Stephen C. Bannister: Our Faustian bargain with fossil fuels

(Brian Maffly | Tribune file photo) Pump jacks pull up hydrocarbons in the Three Rivers oil field southwest of Vernal, near Pelican Lake and the Green River, pictured on June 14, 2019. Members of Congress, including Utah Republicans, are seeking a halt to collection of federal royalties for mining and drilling on public lands — except they want the states to keep getting their share.

Most of us have enjoyed the much cleaner air since the great COVID-19 shutdown-caused economic collapse. Everything damaging that we normally dump into our common airshed is reduced — carbon dioxide that increases climate warming and the pollutant precursors that cause regional haze we notice as bad air quality and bad health outcomes — and the result has been cleaner air for all to enjoy.

But this win has been accompanied by considerable social and commercial costs. The pandemic has sharply curtailed personal and business activities, causing lost incomes across the economy and damaging the poorest parts of society and business most heavily.

This tragedy has brought into stark relief the terrible choices we face as long as we have carbon-based fuels as the major energy input to our society. We confront a paradox, the Faustian bargain of the carbon age. It is fundamental that no economic activity — in fact, no action of any kind — happens without energy inputs. Energy inputs and all events are thermodynamically two sides of the same coin. Thus, if we use dirty energy for economic activity, we will have a damaged and dirty environment.

And, the current clean air win is very fragile. As we figure out how to “open up” economic activity, the air quality will get bad again. It almost doesn’t matter where you stand in the debate between masks and social distancing versus open ‘er up right now. If you are for clean air, you must use this tragedy to think about our future. We now powerfully know how to clean the air — stop using carbon fuels.

The challenge is how to do so completely and permanently without destroying our economy. I think we will develop a stronger impetus toward using renewable fuels as a result of this experience. That will be an excellent outcome. But much serious research including mine says we are not making real progress toward banishing carbon fuels quickly enough. With current cost curves, renewables will not completely displace carbon fuels. So, are we stuck in our Faustian bargain?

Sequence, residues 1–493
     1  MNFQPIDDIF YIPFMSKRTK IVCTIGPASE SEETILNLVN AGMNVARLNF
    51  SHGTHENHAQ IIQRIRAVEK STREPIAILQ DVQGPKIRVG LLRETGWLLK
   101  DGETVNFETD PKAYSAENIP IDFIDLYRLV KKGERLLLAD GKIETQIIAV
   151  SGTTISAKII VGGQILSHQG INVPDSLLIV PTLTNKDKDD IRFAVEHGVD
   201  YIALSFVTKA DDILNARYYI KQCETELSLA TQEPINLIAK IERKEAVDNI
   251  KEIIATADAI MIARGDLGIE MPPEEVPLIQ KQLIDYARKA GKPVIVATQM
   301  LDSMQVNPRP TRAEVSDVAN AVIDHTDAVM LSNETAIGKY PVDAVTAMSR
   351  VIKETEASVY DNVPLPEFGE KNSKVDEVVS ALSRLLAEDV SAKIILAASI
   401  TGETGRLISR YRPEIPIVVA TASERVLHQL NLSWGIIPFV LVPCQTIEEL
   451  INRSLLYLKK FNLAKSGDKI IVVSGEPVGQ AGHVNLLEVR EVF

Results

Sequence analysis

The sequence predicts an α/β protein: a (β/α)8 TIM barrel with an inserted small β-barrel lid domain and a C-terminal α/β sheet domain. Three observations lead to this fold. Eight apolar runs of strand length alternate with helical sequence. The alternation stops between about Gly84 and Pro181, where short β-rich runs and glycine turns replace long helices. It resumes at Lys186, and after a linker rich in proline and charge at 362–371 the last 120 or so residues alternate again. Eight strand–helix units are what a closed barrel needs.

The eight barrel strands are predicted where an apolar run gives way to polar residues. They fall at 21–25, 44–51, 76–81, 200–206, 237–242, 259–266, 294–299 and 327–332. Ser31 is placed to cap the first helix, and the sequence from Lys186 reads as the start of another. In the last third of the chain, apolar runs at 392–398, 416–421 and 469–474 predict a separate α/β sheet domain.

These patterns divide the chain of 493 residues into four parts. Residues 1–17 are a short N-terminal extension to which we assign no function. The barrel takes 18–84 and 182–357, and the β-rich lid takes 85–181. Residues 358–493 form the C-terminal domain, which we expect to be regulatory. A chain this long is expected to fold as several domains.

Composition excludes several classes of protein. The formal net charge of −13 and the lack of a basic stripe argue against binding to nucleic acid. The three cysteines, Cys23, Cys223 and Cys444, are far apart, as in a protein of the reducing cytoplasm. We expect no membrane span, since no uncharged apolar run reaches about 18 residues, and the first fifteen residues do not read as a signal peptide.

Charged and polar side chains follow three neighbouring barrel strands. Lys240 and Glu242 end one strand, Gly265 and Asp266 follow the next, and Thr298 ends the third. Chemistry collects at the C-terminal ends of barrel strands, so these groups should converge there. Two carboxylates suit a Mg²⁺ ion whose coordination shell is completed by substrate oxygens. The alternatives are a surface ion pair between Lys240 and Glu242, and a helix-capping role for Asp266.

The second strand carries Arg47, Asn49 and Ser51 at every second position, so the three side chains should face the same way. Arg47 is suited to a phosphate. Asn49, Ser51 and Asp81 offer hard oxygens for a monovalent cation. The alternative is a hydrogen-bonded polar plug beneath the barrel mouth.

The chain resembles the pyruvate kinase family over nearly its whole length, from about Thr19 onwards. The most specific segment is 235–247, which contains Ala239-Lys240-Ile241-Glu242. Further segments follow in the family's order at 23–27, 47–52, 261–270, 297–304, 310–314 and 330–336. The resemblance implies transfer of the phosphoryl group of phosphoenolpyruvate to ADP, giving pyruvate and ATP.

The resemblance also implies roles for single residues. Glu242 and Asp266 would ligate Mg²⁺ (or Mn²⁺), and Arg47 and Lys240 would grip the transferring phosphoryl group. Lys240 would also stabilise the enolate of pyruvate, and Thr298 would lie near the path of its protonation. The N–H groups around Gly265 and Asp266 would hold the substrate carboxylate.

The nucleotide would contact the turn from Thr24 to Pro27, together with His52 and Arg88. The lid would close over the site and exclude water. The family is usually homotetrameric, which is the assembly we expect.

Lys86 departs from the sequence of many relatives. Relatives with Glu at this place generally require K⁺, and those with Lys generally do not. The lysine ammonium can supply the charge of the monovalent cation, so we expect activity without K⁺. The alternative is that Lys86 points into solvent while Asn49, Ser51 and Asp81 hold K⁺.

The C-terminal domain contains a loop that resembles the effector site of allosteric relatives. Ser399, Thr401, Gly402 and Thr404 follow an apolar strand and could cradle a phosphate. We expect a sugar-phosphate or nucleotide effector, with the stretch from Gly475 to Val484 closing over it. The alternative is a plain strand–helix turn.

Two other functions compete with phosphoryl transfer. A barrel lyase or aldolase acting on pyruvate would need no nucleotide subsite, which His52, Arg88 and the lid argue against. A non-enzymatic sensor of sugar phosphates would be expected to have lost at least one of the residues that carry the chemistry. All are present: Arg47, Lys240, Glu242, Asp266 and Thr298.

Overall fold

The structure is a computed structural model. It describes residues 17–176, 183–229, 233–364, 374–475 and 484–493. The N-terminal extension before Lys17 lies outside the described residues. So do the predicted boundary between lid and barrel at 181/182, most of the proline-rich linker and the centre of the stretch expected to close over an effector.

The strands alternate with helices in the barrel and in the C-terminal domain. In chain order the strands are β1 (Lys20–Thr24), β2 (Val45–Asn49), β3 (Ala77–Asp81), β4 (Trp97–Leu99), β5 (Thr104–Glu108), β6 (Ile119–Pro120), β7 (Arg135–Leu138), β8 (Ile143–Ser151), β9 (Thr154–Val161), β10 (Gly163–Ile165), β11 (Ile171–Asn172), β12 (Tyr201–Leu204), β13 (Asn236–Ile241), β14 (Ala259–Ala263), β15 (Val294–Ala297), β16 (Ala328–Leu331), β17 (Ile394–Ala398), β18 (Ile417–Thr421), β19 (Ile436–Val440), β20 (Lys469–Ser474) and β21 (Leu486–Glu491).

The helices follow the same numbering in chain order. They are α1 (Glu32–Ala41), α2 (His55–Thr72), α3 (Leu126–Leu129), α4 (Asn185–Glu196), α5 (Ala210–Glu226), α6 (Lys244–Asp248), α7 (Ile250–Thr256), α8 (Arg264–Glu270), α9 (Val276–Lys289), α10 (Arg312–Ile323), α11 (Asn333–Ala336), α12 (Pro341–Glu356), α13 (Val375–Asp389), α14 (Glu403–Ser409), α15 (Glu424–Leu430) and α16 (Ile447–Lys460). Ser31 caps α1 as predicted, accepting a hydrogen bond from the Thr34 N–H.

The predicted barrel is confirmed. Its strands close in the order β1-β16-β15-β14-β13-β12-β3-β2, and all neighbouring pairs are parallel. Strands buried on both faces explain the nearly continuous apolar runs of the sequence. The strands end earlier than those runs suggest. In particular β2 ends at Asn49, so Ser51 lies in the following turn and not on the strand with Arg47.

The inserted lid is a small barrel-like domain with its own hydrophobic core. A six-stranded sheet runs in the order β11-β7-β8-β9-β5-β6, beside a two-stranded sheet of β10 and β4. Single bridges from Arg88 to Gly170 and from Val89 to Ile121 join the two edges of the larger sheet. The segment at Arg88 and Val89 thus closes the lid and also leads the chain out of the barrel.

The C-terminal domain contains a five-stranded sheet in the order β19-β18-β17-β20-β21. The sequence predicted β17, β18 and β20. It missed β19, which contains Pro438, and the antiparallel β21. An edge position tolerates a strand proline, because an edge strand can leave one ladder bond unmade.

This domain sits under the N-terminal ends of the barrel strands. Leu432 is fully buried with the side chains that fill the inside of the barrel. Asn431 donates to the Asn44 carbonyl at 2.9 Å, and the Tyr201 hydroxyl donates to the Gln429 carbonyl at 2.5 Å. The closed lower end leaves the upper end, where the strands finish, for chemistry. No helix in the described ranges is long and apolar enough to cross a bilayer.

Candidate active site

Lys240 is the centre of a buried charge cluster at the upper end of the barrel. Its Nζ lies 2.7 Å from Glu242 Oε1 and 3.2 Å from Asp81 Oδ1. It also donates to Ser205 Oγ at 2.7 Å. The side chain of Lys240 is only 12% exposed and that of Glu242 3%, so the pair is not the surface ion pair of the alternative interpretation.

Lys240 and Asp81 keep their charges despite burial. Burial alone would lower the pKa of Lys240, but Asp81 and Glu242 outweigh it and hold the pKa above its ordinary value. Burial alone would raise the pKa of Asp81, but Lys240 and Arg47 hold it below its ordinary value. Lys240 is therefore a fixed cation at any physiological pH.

No, we are not stuck. But to win the twin races against dirty air and climate change we must embrace a new strategy. So far, the primary approaches have been carbon substitution with renewables or raising the price of carbon fuels by imposing a tax. Both can help, but for their unique reasons will not win the race. The renewable substitution strategy is compelling, but will not be sufficiently successful unless the technologies in the current solution set — primarily solar and wind — become much, much cheaper relative to carbon sources. This outcome is not likely on current trends.

Carbon taxes could help but are politically problematic in this country for some of the same reasons we struggle against the COVID-19 fight. Even if we solve that problem, they cannot be a complete solution.

What will work, and work quickly? Simply a clean energy source that is relatively much cheaper — think 100 times cheaper for a thought experiment — than carbon sources. A reference would be the current research projects on hot fusion reactors. While hot fusion appears not likely to succeed, the effort points the way to the solution: invest heavily in research and development for new very inexpensive energy sources that we know exist, but require research and development to bring to commercial use.

We now have two pandemics to eradicate. I think COVID-19 will prove easier than carbon pollution. But both are winnable given enough investment in the right technologies.

Stephen C. Bannister

Stephen C. Bannister, Ph.D., Salt Lake City, is an associate professor of economics at The University of Utah. The view expressed here are his own and not necessarily those of the university.